I had always assumed that the RIPEMD layer was to make quantum computation attacks harder by mixing crypto protocols, similarly the double sha256 in the mining protocol.

    I can't find much on sha3 and quantum computing; it looks like the mechanism hasn't been well researched yet.

    Inre: addresses, I would urge an address format that makes for easy regexes -- perhaps just some id characters around the address? I agree it's nice to have something that visually scans as 'ether'.
  • VitalikButerinVitalikButerin Administrator Posts: 84 admin
    > I had always assumed that the RIPEMD layer was to make quantum computation attacks harder by mixing crypto protocols

    All hash algorithms are invulnerable to polytime quantum algorithms (eg. Shor's, which breaks factoring and elliptic curve cryptography) but are vulnerable to Grover's algorithm. So composing hashes doesn't really have a benefit.

    > K let me know when the fundraiser is

    Jan 25
  • arckearcke Member Posts: 34
    All hash algorithms are invulnerable to polytime quantum algorithms (eg. Shor's, which breaks factoring and elliptic curve cryptography) but are vulnerable to Grover's algorithm. So composing hashes doesn't really have a benefit.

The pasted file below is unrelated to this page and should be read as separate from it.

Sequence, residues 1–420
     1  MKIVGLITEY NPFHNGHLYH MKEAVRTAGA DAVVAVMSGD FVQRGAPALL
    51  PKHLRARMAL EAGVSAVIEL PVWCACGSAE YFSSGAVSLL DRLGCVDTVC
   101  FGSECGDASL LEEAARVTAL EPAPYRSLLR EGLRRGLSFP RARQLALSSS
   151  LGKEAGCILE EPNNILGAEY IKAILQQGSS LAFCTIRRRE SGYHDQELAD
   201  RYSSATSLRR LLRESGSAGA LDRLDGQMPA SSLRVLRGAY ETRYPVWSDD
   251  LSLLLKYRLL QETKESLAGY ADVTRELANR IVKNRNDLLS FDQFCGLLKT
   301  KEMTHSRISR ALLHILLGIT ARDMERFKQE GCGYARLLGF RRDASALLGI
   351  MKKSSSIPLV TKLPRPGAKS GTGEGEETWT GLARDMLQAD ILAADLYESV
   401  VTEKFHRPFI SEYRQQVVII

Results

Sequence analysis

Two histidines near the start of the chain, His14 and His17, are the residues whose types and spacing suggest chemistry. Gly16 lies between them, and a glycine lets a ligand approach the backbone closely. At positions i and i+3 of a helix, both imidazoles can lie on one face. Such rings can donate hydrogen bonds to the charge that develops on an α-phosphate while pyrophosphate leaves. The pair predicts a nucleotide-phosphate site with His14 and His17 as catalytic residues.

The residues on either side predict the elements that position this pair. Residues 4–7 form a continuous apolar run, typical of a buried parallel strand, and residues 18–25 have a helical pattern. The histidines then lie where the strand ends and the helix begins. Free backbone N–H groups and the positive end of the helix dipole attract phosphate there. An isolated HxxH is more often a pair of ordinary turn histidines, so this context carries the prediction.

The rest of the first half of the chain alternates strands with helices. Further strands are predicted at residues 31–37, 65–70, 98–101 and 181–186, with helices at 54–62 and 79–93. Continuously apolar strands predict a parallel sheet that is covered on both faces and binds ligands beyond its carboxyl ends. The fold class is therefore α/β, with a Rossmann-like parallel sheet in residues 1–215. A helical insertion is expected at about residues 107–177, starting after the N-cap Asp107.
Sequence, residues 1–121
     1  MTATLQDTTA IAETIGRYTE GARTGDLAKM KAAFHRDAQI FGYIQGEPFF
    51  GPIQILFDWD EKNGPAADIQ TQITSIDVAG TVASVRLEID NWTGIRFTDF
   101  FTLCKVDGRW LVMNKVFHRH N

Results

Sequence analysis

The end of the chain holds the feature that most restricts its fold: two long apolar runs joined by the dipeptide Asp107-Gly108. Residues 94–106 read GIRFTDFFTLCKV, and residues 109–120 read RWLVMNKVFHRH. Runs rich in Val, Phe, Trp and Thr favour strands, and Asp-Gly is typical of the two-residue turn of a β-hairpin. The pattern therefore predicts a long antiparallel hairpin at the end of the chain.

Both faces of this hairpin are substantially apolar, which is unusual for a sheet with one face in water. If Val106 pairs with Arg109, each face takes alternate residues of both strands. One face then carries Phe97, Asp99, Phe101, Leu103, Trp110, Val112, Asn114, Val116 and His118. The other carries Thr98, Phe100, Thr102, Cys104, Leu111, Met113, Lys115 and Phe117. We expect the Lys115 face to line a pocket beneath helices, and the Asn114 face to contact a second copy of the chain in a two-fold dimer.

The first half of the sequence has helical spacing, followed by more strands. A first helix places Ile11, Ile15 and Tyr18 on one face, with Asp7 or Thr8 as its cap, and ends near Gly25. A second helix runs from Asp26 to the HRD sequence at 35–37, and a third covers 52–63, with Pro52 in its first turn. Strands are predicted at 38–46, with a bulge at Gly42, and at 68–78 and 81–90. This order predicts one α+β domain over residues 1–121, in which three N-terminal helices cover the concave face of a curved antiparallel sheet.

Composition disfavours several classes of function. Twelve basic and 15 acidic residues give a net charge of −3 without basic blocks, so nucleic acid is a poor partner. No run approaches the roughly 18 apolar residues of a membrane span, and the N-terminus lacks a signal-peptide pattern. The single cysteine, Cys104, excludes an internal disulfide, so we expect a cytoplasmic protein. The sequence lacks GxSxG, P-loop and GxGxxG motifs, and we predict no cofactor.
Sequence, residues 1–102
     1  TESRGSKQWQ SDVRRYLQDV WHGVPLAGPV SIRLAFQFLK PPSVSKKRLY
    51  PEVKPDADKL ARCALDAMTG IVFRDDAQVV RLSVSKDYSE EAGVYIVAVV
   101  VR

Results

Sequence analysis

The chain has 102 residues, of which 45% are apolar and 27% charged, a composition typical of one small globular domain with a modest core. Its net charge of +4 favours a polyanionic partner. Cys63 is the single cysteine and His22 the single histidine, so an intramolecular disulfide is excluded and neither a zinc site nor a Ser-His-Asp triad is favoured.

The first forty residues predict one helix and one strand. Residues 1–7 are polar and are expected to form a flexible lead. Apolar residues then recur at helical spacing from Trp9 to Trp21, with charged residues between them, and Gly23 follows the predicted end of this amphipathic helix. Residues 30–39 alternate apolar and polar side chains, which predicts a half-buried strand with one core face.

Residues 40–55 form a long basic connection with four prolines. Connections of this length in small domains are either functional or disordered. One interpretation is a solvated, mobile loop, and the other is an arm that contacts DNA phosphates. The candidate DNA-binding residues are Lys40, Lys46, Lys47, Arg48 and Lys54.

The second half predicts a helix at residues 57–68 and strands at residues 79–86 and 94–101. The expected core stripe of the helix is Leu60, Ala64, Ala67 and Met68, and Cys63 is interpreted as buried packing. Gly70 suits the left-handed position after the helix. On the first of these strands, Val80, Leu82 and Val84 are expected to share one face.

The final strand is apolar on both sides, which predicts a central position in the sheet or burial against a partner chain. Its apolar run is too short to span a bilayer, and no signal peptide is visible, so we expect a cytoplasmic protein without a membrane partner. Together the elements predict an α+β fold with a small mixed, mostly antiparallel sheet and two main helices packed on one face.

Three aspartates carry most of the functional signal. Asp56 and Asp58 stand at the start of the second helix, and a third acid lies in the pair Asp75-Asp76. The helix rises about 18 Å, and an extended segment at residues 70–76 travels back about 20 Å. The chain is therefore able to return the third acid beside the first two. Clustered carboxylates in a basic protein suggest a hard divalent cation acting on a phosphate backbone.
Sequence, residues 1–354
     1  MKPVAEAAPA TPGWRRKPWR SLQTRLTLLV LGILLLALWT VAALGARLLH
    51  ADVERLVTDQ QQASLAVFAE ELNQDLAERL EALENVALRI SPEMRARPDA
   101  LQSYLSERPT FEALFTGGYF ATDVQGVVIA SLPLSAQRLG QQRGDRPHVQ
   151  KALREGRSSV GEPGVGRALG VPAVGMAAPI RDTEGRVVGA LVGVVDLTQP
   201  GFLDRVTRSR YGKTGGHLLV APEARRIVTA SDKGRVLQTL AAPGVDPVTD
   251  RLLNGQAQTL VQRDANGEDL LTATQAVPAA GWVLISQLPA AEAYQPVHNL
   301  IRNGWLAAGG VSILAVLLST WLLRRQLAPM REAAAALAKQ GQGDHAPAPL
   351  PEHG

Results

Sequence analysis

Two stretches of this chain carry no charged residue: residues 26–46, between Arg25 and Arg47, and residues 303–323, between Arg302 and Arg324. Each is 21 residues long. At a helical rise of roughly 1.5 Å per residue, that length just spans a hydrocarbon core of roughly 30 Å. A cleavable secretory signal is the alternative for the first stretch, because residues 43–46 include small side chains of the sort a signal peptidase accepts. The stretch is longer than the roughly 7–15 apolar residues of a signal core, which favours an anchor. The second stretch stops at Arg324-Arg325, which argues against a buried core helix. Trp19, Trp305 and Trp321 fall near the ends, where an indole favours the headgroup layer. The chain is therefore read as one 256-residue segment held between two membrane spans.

Not sure if I understand this. Do you mean all current and future hash functions can be reverse lookup'ed in sqrt(hashed_bits)*c time on a quantum computer for some constant c?
  • VitalikButerinVitalikButerin Administrator Posts: 84 admin
    All n-bit hash functions can be cracked in 2^(n/2) time. There is no way around this because Grover's takes the circuit of an arbitrary function as its input. But that's not a problem since if quantum computers come in difficulty will just square and we'll be back where we started.
  • arckearcke Member Posts: 34
    edited January 2014
    I see. Interesting to consider, and for most cryptosystems slightly increasing the bitsize does not have to be a problem. I never applied quantum algorithms whilst thinking about cryptographic protocols during my education. For now I understand factoring and discrete log are feasible considering Shor's algorithm which has driven cryptographers towards Merkle trees and lattice-based systems. (https://en.wikipedia.org/wiki/Post-quantum_cryptography)